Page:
Madras: The presidency; mountains, lakes, rivers, canals, and historic areas; the east coast and Deccan districts, Madras City, and Chingleput district (Google eBook)
Superintendent of Government Printing, 1908 - Chennai (India)
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acres Agency tract Anantapur assessment average Bellary Berhampur Bezwada canals cattle cent century Chicacole chief chiefly Chingleput Chola Cocanada Coimbatore Collector Conjeeveram considerable consists contains Court crops Cuddapah cultivation Deccan delta demand for land East Coast Eastern Ghats estates European expenditure exports famine feet forest formed Ganjam Godavari District Godavari river Gooty Government Guntur Haidar head-quarters hills Hindu important irrigation Kistna Kistna District Kurnool Kurnool District lakhs land revenue lying Madras City Madras Presidency Marathas Masulipatam ment monsoon Muhammadans municipal Musalmans Mysore Nallamalais Nandyal Narasapur native Nellore Nellore District Nizam Nllgiris North Arcot northern Ongole Penner Population 1901 population in 1901 Railway rainfall Raja Rajahmundry revenue and cesses rice river roads ryots ryotwari settlement situated in 160 Southern India square miles tahsil taluk tanks Telugu temple tion town trade Tungabhadra usually Vijayanagar villages Vizagapatam Vizianagram West Coast western zamindari
Page 558 - ... is not quite clear. One thing, at all events, seems certain — and it is what interests us most here — that the square raths are copies of Buddhist viharas, and are the originals from which all the vimanas in Southern India were copied, and continued to be copied nearly unchanged to a very late period.
Page 556 - ... least 1500 feet long, the partly natural resemblance having been assisted by the rolling away of rocks and boulders. On the spot, this is called the " Giant Raja Bali," but it is no doubt the work of Jains. ' The whole of this ridge is pitted with caves and temples. There are 14 or 15 Rishi caves in it, and much carving and figuring of a later period. These are distinguished by the marked transition from the representations of scenes of peace to scenes of battle, treading down of opposition and...
Page 559 - The other antiquities at Mahabalipur, though very interesting in themselves, are not nearly so important as the raths just described. The caves are generally small and fine architecturally, from the feebleness and tenuity of their supports. The southern cave-diggers had evidently not been grounded in the art like their northern compeers, the Buddhists.
Page 158 - The narrow tidal stream, which rushes through the neck connecting the lake with the sea, suffices to keep the water distinctly salt during the dry months from December to June. But once the rains have set in, and the rivers come pouring down upon its northern extremity, the sea-water is gradually driven out, and the Chilkd passes through various stages of brackishness until it becomes a fresh-water lake.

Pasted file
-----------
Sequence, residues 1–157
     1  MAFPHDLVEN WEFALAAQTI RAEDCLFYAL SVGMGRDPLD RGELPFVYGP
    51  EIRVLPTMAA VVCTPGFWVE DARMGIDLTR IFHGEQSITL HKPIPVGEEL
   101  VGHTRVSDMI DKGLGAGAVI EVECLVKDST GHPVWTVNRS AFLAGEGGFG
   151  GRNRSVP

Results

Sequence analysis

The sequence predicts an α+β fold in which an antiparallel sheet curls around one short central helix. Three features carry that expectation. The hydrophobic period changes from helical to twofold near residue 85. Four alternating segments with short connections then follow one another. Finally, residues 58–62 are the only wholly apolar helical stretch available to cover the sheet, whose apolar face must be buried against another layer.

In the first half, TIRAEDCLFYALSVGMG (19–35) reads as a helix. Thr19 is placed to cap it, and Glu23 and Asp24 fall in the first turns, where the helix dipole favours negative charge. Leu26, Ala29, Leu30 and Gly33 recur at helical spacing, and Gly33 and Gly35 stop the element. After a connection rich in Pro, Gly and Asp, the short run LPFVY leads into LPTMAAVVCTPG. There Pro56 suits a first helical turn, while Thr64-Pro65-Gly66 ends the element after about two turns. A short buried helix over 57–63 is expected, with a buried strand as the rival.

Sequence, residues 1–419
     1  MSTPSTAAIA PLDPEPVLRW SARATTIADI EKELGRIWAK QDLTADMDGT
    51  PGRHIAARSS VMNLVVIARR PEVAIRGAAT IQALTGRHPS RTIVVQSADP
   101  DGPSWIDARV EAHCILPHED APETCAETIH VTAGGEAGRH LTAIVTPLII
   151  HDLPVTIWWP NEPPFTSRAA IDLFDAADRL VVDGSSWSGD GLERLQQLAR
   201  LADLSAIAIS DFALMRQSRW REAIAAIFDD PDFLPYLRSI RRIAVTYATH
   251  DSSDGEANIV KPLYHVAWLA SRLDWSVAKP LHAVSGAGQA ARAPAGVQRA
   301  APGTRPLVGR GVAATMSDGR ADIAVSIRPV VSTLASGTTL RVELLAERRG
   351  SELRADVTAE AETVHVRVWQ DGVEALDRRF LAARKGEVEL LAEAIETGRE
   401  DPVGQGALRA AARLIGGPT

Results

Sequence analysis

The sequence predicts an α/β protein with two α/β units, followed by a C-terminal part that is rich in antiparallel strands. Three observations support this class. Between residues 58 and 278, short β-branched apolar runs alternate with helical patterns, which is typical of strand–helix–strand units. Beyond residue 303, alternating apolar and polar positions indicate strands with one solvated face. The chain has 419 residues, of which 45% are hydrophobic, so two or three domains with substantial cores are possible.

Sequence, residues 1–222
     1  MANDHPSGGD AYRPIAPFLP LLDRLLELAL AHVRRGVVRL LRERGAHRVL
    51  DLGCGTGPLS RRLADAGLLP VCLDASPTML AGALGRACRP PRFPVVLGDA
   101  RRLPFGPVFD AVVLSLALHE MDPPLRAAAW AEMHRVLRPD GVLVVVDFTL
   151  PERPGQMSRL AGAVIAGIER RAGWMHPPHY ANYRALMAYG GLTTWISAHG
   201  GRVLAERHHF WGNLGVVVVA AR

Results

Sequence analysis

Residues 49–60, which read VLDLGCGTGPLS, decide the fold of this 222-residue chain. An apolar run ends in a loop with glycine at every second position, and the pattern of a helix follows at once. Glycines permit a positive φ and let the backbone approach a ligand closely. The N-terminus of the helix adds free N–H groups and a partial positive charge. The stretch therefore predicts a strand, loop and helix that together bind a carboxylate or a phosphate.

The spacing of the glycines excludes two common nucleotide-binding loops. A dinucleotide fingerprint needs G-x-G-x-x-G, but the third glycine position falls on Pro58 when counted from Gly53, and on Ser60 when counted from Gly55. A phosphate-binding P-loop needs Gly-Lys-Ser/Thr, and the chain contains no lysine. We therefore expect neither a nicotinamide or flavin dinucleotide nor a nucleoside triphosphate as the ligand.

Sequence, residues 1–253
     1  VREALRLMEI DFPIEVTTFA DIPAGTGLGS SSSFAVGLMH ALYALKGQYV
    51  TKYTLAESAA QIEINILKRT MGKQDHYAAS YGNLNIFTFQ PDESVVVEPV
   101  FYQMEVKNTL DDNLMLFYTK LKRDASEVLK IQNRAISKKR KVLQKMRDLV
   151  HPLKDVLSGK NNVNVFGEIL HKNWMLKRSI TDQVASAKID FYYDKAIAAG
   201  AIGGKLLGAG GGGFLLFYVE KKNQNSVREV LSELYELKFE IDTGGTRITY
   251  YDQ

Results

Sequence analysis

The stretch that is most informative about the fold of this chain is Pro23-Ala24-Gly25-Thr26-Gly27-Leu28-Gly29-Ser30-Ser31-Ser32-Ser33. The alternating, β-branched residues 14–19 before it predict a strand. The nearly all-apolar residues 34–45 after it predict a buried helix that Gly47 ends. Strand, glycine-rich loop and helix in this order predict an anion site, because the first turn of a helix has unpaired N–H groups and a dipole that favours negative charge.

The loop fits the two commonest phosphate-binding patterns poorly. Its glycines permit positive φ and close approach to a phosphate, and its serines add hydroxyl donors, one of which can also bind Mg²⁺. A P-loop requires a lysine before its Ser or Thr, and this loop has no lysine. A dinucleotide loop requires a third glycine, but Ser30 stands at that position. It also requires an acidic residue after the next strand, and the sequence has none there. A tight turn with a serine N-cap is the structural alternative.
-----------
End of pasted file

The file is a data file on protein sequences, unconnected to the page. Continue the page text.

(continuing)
Page 184 - Karnataka has now got into the hands of foreigners, who have given it a new and entirely erroneous application. When the Muhammadans arrived in Southern India, they found that part of it with which they first became acquainted — the country above the Ghats, including Mysore and part of Telingana — called the Karnataka country. In course of time, by a misapplication of terms, they applied the same name Karnatak, or Carnatic, to designate the country below the Ghats, as well as that which was above.
Page 561 - The gateways, irregularly spaced in a great blank wall, lose half their dignity from their positions; and the bathos of their decreasing in size and elaboration, as they approach the sanctuary, is a mistake which nothing can redeem. "We may admire beauty of detail, and be astonished at the elaboration and evidence of labour, if they are found in such a temple as this, but as an architectural design it is altogether detestable.
Page 557 - The oldest and most interesting group of monuments are the socalled five raths, or monolithic temples standing on the sea-shore. One of these, that with the apsidal termination, stands a little detached from the rest. The other four stand in a line north and south, and look as if they had been carved out of a single stone or rock, which originally, if that were so, must have been between 35...
Page 94 - The basis of this system is the division of the whole area into fields by a cadastral survey, each field being valued at a fixed rate per acre and the assessment settled thereon. A holding is one or more of such fields or of their recognized subdivisions. The registered occupant of each field deals directly with Government, and so long as he pays the assessment he is entitled to hold the land for ever and cannot be ejected by Government, though he himself may, in any year, increase or diminish his...
Page 94 - ... so long as he pays the assessment he is entitled to hold the land for ever and cannot be ejected by Government, though he himself may, in any year, increase or diminish his holding or entirely abandon it ; should the land be required for a public purpose, it must be bought at 15 per cent, above its market value. Inheritance, transfer, mortgage, sale, and lease are without restriction; private improvements involve no addition, either present or future, to the assessment. Waste land may be taken...